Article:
Los Angeles Superior Court Judge Carol Boas Goodson issued a restraining order on Wednesday against a Black Lives Matter activist accused of stalking LAPD commission president Matt Johnson at his home and place of business. According to court testimony, Trevor Ferguson and approximately twenty BLM activists "barged into" Johnson's law office last year and confronted Johnson and his law partner. Two days after the incident, Ferguson went to Johnson's home with a group of activists.

Activists chant 'houseboy' during commission meetings

Matt Johnson, who is one of two black commissioners, has been targeted by Ferguson and his protesters, who routinely disrupt the commission's weekly meetings by chanting racial slurs at the black LAPD commission president.

According to the Los Angeles Times, the commissioner is frequently taunted by the BLM activists at these public meetings, who refer to him as "houseboy"-- an offensive term for a black person who is believed to be subservient to whites. Johnson also claimed that Ferguson threatened him with bodily harm at these meetings, and once threatened to kill him.

Judge Goodson ruled that Ferguson's actions were intended to "incite fear." While the judge ruled that the BLM activist can continue to attend the public Police Commission meetings, he must maintain a five-yard distance from Johnson at all times.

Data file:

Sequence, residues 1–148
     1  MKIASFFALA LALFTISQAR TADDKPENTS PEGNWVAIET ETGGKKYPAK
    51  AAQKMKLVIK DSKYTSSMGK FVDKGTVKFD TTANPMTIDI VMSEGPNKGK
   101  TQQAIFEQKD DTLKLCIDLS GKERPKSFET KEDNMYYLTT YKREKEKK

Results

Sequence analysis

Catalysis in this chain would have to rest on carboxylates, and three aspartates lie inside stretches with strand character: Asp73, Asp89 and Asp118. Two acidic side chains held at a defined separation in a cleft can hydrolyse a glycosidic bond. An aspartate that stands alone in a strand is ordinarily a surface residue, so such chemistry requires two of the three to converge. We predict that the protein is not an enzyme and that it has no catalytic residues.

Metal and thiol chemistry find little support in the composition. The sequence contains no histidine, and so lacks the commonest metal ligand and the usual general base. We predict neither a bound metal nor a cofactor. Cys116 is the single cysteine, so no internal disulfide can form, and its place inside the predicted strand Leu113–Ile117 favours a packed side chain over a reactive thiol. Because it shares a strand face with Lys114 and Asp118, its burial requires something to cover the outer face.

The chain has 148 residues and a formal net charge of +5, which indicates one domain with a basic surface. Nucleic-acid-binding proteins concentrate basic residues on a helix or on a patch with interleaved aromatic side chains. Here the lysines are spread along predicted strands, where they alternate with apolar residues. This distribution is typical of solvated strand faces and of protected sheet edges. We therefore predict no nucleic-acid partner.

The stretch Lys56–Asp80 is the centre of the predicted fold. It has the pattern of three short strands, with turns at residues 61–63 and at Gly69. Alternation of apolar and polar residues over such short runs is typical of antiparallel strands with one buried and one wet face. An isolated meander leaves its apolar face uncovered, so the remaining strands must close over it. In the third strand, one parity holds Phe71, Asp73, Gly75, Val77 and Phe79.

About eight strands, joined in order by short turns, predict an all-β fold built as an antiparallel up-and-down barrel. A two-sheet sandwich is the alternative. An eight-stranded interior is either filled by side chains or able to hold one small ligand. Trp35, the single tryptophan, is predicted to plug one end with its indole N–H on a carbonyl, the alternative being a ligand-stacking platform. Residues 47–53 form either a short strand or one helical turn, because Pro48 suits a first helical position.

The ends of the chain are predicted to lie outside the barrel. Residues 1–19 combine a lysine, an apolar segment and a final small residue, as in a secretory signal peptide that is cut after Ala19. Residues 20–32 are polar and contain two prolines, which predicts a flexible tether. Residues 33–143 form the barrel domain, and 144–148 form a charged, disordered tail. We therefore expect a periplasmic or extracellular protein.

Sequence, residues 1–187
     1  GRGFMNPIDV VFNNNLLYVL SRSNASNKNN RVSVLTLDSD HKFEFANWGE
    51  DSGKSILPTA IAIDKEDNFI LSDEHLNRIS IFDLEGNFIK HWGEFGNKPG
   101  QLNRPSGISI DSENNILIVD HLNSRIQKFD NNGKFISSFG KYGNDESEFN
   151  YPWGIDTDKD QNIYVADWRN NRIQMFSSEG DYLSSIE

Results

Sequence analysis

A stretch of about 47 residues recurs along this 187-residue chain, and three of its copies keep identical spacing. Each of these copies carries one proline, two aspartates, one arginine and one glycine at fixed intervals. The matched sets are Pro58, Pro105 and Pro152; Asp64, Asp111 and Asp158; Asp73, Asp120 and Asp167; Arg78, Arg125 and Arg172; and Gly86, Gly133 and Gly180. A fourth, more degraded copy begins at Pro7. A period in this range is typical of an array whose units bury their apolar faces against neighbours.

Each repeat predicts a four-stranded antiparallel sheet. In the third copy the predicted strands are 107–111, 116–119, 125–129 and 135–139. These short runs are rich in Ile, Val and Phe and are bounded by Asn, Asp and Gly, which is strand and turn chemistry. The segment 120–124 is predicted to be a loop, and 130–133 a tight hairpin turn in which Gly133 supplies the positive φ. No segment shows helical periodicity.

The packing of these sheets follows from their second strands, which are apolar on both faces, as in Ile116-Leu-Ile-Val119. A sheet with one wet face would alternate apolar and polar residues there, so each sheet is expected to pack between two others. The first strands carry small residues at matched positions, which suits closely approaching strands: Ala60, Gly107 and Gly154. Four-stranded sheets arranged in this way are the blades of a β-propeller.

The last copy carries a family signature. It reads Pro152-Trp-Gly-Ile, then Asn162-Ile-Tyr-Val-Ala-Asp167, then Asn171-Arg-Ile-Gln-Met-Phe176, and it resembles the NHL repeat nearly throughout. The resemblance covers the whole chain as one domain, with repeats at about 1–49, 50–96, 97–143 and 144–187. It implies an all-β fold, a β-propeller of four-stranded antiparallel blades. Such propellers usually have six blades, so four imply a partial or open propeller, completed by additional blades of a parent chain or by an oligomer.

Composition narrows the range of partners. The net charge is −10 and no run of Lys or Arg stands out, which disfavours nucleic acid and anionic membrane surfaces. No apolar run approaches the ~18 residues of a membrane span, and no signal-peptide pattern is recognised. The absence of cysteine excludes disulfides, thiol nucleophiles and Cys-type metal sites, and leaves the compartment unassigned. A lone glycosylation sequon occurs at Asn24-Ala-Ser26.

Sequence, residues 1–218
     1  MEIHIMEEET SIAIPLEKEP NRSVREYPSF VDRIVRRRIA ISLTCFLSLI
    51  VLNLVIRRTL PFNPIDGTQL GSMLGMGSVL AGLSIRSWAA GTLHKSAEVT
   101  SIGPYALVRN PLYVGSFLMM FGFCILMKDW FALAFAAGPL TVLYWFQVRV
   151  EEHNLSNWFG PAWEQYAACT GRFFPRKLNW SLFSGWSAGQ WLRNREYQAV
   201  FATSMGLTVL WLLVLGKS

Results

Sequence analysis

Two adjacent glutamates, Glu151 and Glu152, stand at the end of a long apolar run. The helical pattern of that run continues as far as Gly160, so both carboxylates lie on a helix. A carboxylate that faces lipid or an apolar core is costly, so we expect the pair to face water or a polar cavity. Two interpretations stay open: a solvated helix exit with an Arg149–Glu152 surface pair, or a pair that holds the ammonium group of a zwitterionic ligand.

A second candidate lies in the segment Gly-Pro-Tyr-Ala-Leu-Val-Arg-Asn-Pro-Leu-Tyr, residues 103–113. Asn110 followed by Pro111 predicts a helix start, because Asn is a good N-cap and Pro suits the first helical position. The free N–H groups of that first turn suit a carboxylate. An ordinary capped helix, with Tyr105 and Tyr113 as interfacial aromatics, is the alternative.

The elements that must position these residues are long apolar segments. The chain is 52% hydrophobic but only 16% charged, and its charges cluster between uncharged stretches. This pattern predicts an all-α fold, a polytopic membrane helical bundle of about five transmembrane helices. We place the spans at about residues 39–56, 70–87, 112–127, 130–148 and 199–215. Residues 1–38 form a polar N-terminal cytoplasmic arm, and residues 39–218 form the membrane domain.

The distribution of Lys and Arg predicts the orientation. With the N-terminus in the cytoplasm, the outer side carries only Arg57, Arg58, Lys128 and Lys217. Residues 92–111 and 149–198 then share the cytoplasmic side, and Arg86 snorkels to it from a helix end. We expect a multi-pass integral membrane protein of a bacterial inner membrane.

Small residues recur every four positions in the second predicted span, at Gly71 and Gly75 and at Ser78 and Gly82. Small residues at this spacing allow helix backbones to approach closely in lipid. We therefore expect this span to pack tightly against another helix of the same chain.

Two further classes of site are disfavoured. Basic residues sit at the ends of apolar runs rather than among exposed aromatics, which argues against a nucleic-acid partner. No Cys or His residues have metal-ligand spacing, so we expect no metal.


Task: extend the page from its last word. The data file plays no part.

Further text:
Johnson still supports the right to protest peacefully

In his statement to the Los Angeles Times, Matt Johnson said that while he "deeply respects" the right to protest, he draws the line when the safety of his family is in jeopardy.

Trevor Ferguson declined to answer questions following Judge Goodson's ruling. The Los Angeles Times reports that Ferguson responded with, "Great is Allah," when questioned by reporters.

Ferguson's lawyer, however, told reporters that she plans to appeal the judge's decision. The NY Daily News reported on Wednesday that the activist's attorney, Nana Gyamfi, referred to the restraining order as a "precedent-setting" blow to free speech.